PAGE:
As I plotted and wrote, I felt a duty to present accurate history in the context of lively entertainment. This included a certain freedom with how I used facts: for example, I invented the specific castle and monastery in Trouble at the Scriptorium, but based them on solid research about real, historical places. 
I suspect that my affinity for historical fiction stems from my background as a professor of music history, a subject I taught for fifteen years. This is not to say that I spun fictional tales when I taught, but (like any good biographer will tell you, for example), a heightened sense of detail goes miles towards keeping students interested in what they might expect to be dry historical background.

Since finishing The London Hurdy Gurdy, I’ve written two other works of historical fiction, both offering me challenges quite different from the Harley books. One is another middle-grade, but taking place four hundred years later, at the end of the Renaissance. That one is making the rounds of literary agents at the moment, so I won’t say too much about it.

But I do have a publisher for the other work: A Kiss at Vespers is my first romance fiction, my first historical fiction for adults, and my first novelette. Yet, with all those firsts, the procedure was remarkably similar to researching and writing the Harley mystery books for kids.

First, I had the joy of hitting the research library and discovering as much as I could about the east coast of Ireland---and trade with Britain---in the early eleventh century. And then there was the challenge of integrating that information into a compelling story with interesting characters, always keeping in mind that the historical setting was merely a context for that story and those characters.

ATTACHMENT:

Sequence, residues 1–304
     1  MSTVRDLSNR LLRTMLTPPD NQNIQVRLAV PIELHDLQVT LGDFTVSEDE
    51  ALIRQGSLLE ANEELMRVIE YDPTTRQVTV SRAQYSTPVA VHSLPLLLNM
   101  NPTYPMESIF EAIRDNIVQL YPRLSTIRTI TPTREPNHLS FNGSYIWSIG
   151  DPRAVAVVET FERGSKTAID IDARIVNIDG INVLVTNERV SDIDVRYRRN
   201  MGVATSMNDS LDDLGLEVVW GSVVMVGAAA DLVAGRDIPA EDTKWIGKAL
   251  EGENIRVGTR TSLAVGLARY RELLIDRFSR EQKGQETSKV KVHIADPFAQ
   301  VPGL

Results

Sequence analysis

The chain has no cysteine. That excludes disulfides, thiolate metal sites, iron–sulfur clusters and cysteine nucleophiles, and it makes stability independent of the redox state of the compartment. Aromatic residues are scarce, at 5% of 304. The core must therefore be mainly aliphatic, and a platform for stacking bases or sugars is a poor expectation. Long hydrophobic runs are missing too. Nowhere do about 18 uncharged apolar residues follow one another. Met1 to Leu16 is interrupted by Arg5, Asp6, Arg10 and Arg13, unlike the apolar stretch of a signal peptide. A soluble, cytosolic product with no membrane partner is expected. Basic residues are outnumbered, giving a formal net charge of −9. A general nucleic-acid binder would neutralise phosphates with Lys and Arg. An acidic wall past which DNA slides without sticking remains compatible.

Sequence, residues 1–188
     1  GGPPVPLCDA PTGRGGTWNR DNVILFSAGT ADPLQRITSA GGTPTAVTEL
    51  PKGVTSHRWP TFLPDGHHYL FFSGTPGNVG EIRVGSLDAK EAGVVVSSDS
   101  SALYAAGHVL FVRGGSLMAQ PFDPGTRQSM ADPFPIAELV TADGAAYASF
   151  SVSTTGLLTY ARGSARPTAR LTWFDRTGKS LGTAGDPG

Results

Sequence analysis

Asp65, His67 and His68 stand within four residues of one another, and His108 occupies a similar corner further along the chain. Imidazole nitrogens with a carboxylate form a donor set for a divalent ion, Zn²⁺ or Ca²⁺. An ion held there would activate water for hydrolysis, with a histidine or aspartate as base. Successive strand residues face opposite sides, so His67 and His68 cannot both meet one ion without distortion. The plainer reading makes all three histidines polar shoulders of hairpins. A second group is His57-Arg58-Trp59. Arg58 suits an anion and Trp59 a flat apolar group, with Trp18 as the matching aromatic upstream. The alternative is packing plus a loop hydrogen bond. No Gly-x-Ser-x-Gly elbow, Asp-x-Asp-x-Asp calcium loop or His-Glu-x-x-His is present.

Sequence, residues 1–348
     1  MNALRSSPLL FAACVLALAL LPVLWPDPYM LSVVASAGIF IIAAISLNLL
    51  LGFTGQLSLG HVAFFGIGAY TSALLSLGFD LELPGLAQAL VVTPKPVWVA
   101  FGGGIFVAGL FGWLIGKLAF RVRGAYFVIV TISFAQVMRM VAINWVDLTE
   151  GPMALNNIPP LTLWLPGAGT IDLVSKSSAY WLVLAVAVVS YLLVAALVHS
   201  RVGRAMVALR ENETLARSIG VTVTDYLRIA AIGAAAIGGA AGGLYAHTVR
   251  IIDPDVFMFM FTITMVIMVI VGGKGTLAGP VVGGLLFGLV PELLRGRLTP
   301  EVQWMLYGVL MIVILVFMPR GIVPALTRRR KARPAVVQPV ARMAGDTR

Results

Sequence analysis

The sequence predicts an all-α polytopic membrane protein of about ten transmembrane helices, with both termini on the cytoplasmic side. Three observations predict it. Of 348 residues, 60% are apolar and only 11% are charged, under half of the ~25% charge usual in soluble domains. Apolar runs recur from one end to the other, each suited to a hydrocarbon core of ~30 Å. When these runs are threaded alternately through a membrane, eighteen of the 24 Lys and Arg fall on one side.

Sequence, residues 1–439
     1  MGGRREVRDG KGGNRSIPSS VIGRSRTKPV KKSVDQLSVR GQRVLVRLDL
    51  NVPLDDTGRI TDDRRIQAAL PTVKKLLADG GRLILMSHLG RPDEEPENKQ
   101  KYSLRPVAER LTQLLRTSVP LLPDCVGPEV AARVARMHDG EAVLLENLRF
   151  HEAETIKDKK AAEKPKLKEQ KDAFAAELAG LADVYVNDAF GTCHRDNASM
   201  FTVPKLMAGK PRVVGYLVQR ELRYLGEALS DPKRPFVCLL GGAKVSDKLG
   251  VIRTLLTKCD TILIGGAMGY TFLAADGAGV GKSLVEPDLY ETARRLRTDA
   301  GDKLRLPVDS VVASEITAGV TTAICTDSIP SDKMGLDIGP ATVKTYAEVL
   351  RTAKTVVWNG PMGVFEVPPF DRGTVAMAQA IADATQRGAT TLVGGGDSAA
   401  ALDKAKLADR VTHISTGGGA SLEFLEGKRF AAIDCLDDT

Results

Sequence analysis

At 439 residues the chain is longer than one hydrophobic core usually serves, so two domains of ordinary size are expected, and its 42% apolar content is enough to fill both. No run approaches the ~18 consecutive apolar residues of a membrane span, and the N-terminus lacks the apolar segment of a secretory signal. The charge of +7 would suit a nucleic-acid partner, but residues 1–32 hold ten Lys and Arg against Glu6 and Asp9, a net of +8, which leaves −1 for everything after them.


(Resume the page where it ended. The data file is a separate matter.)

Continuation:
Historical fiction, whether for adults or kids, is a very special genre, combining a lot of different skills I’m thoroughly enjoying the journey of developing. Someone recently suggested that I combine historical fiction with my other great literary love, science fiction. It’s an intriguing idea, and I’ll be sure to report back here if I ever try it!


You probably forgot that above, I said there were FIVE reasons why it's a great Wednesday. 

Here's #5: 

We're OPEN to submissions a whole day early! But only for those people who mention that they READ THIS ENTIRE POST in their email submission. :)

Have a great week! See you in LA!

Sunday, July 7, 2013

RYS closed to submissions for July

Hope you're having a great summer! Just a reminder that we are now closed to July submissions.

If you did not yet receive your June submission rating, please inquire if you have not done so yet.


Monday, July 1, 2013

Submissions Now Open for July

Hi all! A quick note to tell you that we are open to submissions through July 7th. Please remember to keep submissions under 2,000 words and to only submit one manuscript.

June Submissions note: we have returned about 95 of the eligible 108 June submissions. If you haven't received yours by this week, please email to inquire, as it may have been missed. Thank you!

More soon,

Miranda (who has been traveling all month!)